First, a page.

The current system taxes all telecom providers – landline, wireless, and Voice over Internet Protocol (“VoIP”) – differently. Landline carriers, such as Verizon and Frontier, pay the most in taxes. VoIP providers, such as the cable companies have been exempt from most state and local taxation. In addition, confusion arises because some taxes (such as the E-911 surcharge) appear as a surcharge and not a tax on customer bills, while the FCC Subscriber Line Charge often appears on customer bills as a tax instead of a surcharge.
We stressed six points which will benefit consumers:
- The need to simplify and streamline any and all telecom taxes.
- All providers of similar services should be assessed the same taxes at the same tax rate.
- All taxes on phone service should be explicit, not implicit, on customer bills to avoid confusion.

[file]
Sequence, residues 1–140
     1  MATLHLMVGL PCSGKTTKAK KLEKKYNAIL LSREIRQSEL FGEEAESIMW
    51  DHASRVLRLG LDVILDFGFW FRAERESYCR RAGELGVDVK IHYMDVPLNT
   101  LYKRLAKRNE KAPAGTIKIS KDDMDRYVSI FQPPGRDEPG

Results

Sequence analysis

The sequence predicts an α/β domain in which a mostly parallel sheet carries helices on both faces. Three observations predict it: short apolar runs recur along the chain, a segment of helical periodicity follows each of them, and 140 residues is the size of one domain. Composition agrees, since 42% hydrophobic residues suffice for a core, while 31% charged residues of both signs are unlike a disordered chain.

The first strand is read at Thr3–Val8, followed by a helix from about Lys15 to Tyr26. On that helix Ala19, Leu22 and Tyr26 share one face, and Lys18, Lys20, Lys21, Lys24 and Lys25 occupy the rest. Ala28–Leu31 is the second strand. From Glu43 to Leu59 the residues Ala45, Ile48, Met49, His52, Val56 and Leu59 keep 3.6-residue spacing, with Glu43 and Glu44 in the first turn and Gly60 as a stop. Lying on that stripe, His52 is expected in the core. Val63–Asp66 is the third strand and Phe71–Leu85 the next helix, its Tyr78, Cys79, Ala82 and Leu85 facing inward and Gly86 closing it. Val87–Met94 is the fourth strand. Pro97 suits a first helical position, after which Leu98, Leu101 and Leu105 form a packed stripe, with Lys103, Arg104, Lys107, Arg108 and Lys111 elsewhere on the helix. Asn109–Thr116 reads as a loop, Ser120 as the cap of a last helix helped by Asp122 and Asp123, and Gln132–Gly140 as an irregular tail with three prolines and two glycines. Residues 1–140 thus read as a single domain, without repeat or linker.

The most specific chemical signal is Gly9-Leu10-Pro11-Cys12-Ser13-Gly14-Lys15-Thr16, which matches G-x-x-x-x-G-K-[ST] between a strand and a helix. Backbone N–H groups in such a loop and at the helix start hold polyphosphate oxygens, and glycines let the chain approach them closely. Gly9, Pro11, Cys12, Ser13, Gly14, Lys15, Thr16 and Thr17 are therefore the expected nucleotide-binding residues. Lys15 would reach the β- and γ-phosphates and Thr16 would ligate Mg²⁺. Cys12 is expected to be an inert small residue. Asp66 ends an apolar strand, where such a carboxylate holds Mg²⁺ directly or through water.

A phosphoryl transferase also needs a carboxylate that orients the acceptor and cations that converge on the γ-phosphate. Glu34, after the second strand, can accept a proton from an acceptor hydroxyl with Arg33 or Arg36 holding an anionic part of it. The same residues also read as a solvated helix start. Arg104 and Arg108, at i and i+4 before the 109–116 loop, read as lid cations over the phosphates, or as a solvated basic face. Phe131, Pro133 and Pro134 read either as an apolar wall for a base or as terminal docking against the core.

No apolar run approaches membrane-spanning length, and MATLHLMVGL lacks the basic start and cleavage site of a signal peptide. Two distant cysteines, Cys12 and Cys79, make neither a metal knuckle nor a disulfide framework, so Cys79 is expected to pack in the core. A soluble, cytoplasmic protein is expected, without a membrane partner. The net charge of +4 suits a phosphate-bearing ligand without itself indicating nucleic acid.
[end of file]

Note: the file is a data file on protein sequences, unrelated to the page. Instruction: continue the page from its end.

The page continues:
- Lifeline recipients should be exempt from telecom taxes, other than sales taxes.
- If all providers of similar services were equally assessed, the tax rate could be reduced and the state could receive the same or more revenue.
- Surcharges allowed by utility regulators should be included in the tax discussions since they can be misleading and unclear to consumers.
The Committee Chair, Senator Liz Krueger, remarked that the state had not examined telecom taxes for many years and there have been significant changes in the marketplace during that time period. More hearings and further analysis is expected over the next several months.